Indonesia's tax office wants Google to pay over $400 million in back taxes

Indonesia's tax office has charged Google with an $18 million fine over the company's tax avoidance in 2015.

Google could be facing fees of over $400 million in Indonesia where one of the country's officials has accused the company of tax avoidance.

Muhammad Hanif, who works for Indonesia's tax office special cases branch, revealed that the authorities have visited Google and believe the company's tax avoidance has been ongoing over the last five years.    

The company had previously turned down a request by the Indonesian government to be audited. Google was then under investigation by the country's tax officials who accused it of failing to pay taxes during the 2015 calendar year. Now the company is facing a fine that is equivalent to four times the taxes it should have paid last year, which amounts to $418 million.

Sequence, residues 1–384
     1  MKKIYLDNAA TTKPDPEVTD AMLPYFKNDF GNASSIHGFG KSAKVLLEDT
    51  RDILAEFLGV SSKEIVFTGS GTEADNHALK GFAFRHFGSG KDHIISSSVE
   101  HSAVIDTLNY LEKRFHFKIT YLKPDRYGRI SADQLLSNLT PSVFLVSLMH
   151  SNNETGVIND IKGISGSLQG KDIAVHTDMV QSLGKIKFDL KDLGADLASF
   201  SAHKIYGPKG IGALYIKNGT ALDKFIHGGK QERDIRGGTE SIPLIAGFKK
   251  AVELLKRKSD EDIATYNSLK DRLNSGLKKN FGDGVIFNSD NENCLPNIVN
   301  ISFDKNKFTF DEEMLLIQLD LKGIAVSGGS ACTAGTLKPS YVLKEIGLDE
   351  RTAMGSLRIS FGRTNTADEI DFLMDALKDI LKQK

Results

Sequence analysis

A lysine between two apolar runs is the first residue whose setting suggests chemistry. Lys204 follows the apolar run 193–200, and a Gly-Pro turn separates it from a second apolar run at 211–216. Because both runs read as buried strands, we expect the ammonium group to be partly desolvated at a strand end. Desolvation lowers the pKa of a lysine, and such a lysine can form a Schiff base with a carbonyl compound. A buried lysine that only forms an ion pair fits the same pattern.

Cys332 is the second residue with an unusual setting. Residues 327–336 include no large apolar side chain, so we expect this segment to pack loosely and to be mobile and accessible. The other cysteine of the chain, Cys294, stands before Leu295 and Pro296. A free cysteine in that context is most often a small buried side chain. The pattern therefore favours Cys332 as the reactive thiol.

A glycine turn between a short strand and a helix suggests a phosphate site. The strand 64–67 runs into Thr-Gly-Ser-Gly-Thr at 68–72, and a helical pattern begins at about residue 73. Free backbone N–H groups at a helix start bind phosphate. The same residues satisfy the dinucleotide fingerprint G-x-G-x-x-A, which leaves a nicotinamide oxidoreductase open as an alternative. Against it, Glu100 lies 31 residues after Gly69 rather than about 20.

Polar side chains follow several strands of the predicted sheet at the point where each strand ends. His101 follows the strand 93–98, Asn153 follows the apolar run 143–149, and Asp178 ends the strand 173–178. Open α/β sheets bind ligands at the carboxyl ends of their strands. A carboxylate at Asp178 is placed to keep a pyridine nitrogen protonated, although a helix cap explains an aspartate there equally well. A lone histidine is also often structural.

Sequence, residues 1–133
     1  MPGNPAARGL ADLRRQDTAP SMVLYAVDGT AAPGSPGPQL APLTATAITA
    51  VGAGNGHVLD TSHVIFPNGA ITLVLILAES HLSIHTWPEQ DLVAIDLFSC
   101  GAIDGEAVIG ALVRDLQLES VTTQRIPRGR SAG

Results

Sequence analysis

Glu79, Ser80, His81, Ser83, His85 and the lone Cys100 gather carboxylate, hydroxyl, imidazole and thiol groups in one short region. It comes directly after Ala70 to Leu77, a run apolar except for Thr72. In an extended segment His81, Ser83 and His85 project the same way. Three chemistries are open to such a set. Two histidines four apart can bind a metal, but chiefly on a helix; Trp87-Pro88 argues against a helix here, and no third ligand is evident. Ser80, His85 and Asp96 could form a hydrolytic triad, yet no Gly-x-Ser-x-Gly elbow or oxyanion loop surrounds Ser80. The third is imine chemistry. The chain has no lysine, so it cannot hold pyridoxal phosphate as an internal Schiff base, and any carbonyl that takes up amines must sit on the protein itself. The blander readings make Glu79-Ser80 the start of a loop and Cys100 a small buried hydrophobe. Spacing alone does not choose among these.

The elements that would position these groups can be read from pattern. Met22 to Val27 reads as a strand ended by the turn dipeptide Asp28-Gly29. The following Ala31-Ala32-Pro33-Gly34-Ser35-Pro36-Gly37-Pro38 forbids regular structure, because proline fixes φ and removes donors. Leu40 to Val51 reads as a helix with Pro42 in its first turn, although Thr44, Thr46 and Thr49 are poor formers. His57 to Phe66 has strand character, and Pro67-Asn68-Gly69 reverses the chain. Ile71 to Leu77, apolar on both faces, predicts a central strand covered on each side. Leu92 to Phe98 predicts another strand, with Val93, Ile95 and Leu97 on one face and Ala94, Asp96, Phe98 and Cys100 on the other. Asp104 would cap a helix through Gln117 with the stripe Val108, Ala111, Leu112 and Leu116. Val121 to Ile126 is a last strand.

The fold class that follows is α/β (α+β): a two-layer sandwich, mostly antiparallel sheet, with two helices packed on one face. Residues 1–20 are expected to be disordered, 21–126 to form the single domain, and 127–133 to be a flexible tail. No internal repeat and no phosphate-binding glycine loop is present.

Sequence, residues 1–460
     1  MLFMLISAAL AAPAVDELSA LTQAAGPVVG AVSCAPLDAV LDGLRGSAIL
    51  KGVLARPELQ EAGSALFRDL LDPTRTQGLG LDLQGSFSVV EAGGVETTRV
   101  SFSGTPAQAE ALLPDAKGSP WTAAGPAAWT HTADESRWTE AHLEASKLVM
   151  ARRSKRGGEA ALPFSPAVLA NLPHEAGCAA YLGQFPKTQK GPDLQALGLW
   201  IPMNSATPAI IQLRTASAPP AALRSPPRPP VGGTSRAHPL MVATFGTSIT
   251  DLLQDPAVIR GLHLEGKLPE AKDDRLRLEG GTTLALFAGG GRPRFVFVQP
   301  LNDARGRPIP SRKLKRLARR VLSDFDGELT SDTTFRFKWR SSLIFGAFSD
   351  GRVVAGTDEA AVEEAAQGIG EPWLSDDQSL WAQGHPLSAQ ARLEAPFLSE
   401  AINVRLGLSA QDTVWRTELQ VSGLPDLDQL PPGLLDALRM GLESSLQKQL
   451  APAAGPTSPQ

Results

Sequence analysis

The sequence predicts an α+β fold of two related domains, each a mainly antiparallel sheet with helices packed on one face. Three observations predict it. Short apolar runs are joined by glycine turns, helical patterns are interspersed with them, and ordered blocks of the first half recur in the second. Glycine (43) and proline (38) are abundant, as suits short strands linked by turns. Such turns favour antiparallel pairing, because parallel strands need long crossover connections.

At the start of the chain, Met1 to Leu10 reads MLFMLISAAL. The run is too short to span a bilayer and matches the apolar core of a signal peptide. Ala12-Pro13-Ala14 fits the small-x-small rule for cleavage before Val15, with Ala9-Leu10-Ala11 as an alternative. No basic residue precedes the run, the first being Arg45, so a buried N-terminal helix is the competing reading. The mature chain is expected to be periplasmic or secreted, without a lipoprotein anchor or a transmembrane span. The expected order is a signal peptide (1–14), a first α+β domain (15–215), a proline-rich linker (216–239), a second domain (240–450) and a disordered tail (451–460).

If the tax office finds out that Google had avoided paying taxes before 2015, it could face further penalties. A spokesperson for the company defended its position, saying: “Google Indonesia has been incorporated as a local company in Indonesia since 2011. We have been and will continue to cooperate with the government and have paid all applicable taxes in Indonesia.”

If Google does find tax-related problems in East Asia then it would be in a similar position to Apple, which was recently accused of skipping out on paying billions in taxes  in Indonesia. Apple itself is facing a great deal of its own difficulties after EU authorities charged the company with a $15.5 billion fee.

It is still up in the air regarding if Google will have to pay Indonesia's hefty fee but the situation is one that could motivate other companies to look into their own bank ledgers with clean eyes in order to prevent falling into the same position as Apple and now Google currently find themselves. 

Image Credit: Denis Linine / Shutterstock

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Anthony currently resides in South Korea where he teaches and experiences Korean technological advances first hand.